Tips for buying and using cull lumber

If you see anything usable, load up your cart. Be sure to examine each piece to see why it’s in the bin. In one case I found a couple of nice, straight 1x4s in the bin, but they had a really unsightly grain mark on one side. I bought them and used them with the good side facing out. If I’d been planning to paint the project, I would have cared even less about the mark.

If the board is warped or skewed, pay attention to where the warp is. I’ve seen boards that skewed off at a 20 degree angle, but they only did it at the last foot or so of the board. That meant the board still had five feet of perfectly usable wood. If your project calls for short lengths of wood, you can buy these types of boards and save a lot. Boards with their flaws closer to the middle may be more problematic.

The problem with cull lumber is that the selection is completely random. One day I found a bin full of 6-foot lengths of 1x4s. My project called for 8-foot lengths, but I just doubled up and saved about 10 bucks. If you’re willing to change your plans a bit and improvise with whatever you happen to find, you can save a lot of money. If you have a table saw or a track saw, you can cut larger boards into the smaller boards you need. Or if you have lots of bar clamps, you can glue up smaller boards into the larger boards you need.

Try to find out when the store gets new shipments of lumber. Theoretically the selection in the cull bin would be best soon after the new lumber arrives. That said, one busy Saturday afternoon when I was in the store, an associate came over and dumped an armload of boards in the bin.

Caveats with cull lumber

Make sure any lumber you find has the marks on it. The first couple of times I bought cull lumber, it wasn’t marked, though it was seriously damaged. One time the cashier gave me the discount anyway. Another time the cashier made me take it back and find someone to mark it. So you can save yourself some pain by making sure it’s marked ahead of time. It can take 30 minutes to find an associate in the lumber department.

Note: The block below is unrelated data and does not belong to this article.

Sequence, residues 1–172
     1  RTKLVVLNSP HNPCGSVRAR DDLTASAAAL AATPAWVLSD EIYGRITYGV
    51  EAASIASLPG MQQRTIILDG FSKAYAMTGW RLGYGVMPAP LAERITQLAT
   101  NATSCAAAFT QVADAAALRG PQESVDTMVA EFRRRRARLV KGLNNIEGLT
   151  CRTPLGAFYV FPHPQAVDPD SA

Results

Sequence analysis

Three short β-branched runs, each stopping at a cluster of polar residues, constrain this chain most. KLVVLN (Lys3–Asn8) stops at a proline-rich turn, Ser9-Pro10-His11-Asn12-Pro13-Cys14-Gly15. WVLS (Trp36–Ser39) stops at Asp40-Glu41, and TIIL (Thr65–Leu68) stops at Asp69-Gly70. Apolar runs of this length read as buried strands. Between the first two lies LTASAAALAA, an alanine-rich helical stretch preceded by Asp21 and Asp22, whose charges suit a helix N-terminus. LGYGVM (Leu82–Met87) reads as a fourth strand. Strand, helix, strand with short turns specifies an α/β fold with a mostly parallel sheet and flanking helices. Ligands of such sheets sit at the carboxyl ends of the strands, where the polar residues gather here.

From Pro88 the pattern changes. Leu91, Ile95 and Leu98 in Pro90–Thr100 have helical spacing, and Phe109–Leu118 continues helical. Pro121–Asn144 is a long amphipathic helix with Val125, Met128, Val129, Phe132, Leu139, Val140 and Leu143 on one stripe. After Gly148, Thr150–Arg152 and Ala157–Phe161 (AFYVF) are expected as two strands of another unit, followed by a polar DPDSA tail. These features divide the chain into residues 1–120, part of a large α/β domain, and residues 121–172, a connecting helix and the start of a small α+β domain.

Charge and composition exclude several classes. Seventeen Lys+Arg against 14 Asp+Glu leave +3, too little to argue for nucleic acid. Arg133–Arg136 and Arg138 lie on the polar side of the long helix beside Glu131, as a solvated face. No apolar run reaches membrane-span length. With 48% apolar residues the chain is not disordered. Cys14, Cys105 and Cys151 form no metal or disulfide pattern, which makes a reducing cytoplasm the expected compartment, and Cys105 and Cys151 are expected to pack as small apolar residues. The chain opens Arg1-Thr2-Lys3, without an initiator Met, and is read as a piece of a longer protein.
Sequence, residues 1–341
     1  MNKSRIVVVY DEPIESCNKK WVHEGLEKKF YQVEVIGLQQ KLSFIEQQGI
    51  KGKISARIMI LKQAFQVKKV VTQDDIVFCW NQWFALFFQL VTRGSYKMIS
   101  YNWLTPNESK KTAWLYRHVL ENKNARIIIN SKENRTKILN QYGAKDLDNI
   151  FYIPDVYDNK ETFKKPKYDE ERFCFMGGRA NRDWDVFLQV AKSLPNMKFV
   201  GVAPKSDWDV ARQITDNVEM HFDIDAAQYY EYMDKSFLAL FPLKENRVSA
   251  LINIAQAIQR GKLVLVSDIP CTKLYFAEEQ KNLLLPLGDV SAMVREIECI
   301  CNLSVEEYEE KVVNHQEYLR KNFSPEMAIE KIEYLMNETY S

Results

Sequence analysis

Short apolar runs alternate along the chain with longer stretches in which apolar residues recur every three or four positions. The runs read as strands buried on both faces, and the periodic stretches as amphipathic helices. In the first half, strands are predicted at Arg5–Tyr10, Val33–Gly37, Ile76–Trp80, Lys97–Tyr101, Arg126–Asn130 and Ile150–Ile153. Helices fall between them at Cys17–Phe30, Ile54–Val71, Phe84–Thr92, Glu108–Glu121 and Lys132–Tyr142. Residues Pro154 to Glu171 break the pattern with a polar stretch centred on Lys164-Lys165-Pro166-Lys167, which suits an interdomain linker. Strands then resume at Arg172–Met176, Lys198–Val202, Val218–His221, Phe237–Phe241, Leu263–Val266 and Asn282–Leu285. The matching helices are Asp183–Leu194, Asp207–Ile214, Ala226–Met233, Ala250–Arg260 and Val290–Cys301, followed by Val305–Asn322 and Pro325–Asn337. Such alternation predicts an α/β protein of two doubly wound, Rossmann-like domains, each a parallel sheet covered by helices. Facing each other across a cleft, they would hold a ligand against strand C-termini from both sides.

I’m not sure why this is, but when the a cull board has a good side and a bad side, they seem to spray and stamp the good side. Maybe it’s so they don’t make a good deal too good. Fortunately it only takes a couple of minutes to sand off the marks with 60-grit sandpaper.

Sometimes a board is reasonably straight but has a lot of black marks on it from shipping. These marks can be harder to sand off for some reason. But they don’t matter much if you’re going to paint your work. They may not matter much if you stain it a dark color either. For that matter, staining a dark color can fix a lot of visual flaws.

Related questions

Does Home Depot sell scrap wood?

Yes. If a customer requests a custom cut and doesn’t want the other piece, the scrap wood usually ends up in the cull bin. So do miscuts. I bought a nice piece of hardboard out of the cull bin once. It may have been an offcut another customer didn’t want, or a miscut.

And in my last trip to Home Depot, I found a six-inch length of 2×4 in the cull bin. I’m not sure how they’d price that, and there wasn’t anyone around for me to ask, but it was there.

Do other home improvement stores sell cull lumber?

Most other home improvement stores, such as Lowe’s and Menards, also sell damaged lumber out of a bin in the back of the store, at similar discounts. I’m more familiar with Home Depot because I live within walking distance of one.